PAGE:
2A.2 A Surface Dynamic and Thermodynamic Analysis of Long-Duration Freezing Rain Events

Monday, 23 January 2017: 1:45 PM
Conference Center: Tahoma 3 (Washington State Convention Center )
Christopher D. McCray, McGill University, Montréal, QC, Canada; and J. R. Gyakum and E. H. Atallah

While even short periods of freezing rain can be hazardous, the most severe impacts tend to occur when it persists for many hours. Because of the latent heat released as rain freezes at the surface, freezing rain has been described as self-limiting, with air temperatures often rising above 0°C shortly after precipitation onset. Previous studies have primarily focused on developing climatologies of all freezing rain observations and the conditions concurrent with them. Here, we specifically concentrate on surface observations of long-duration (six or more hours) freezing rain events over North America.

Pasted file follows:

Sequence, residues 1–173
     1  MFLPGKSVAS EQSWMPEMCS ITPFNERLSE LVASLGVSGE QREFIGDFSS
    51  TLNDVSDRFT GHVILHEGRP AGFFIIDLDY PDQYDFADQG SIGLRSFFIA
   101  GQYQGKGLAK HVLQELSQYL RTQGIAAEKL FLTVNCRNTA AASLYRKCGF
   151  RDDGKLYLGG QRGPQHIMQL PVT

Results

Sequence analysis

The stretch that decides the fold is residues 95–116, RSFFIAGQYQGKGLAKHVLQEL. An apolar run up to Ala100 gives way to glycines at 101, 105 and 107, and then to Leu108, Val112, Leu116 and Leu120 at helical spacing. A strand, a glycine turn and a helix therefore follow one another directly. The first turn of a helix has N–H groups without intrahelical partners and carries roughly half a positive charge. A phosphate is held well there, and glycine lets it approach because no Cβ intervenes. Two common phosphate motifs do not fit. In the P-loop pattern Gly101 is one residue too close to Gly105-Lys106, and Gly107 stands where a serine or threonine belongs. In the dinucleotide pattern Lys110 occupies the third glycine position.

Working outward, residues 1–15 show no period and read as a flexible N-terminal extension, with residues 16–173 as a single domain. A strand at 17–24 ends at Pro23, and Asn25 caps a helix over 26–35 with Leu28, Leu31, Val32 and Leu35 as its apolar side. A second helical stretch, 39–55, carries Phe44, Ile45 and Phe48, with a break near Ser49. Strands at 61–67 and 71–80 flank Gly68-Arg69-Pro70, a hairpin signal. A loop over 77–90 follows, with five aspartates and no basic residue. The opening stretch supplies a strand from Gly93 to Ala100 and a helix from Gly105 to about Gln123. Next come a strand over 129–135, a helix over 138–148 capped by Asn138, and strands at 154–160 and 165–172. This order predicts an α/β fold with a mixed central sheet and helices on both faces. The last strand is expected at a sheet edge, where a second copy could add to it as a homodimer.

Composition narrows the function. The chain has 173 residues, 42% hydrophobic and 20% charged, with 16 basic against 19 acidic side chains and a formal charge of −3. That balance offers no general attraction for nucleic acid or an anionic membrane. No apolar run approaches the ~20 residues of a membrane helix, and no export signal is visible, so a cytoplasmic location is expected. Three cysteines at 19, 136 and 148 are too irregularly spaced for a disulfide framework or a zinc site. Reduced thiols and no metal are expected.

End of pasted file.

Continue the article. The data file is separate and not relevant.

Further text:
As with freezing rain in general, long-duration events occur most frequently from southeastern Canada into the northeastern United States. An analysis of the longest-duration events at each station shows a broader geographic distribution, with local maxima over Oklahoma and surrounding states – a region with relatively low annual freezing rain frequencies. Observations of wind, precipitation, and temperature during these events help to elucidate their regional and local characteristics. During long-duration freezing rain events over northeastern North America, temperatures increase on average 2-5°C from the time of onset to the end of the event. In the US Great Plains, however, long-duration events tend to be associated with slight temperature decreases on the order of 1°C. An examination of surface winds during these cases reveals that in the Great Plains, freezing rain events most often occur under northerly winds and cold outflow from an Arctic anticyclone. Though events are relatively rare in this region, this concurrent cold-air advection helps sustain freezing rain for long periods when events do occur. In other regions, wind patterns reveal topographic features that support conditions that mitigate the warming due to latent heat release. For example, northeasterly channeled winds down the St. Lawrence River Valley during long-duration events in Quebec provide an important mechanism for the replenishment of cold air at the surface. We also explore the differences in conditions between long- and short-duration freezing rain events. This analysis may be useful to forecasters in discriminating between environments favorable for only one or two hours of freezing rain and those which support sustained and potentially damaging icing events.

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